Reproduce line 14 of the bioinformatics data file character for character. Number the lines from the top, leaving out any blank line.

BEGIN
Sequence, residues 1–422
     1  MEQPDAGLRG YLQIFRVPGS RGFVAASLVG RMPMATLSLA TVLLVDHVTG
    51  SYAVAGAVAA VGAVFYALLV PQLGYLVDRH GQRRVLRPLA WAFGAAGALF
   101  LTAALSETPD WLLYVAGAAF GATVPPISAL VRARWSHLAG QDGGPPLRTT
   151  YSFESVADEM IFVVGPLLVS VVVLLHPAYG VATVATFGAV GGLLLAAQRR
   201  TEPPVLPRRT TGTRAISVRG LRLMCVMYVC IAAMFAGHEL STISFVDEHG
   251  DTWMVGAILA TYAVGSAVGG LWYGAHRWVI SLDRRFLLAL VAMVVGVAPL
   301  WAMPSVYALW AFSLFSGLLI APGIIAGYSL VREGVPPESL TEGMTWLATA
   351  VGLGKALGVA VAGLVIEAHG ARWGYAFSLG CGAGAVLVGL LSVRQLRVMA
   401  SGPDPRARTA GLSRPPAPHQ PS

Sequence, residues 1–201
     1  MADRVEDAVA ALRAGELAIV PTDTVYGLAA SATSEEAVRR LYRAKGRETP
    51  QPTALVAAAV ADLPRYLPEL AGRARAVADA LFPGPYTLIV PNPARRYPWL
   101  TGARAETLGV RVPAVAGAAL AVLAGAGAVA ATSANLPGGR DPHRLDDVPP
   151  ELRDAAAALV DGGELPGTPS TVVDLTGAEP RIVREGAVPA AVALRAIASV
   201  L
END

   101  TGARAETLGV RVPAVAGAAL AVLAGAGAVA ATSANLPGGR DPHRLDDVPP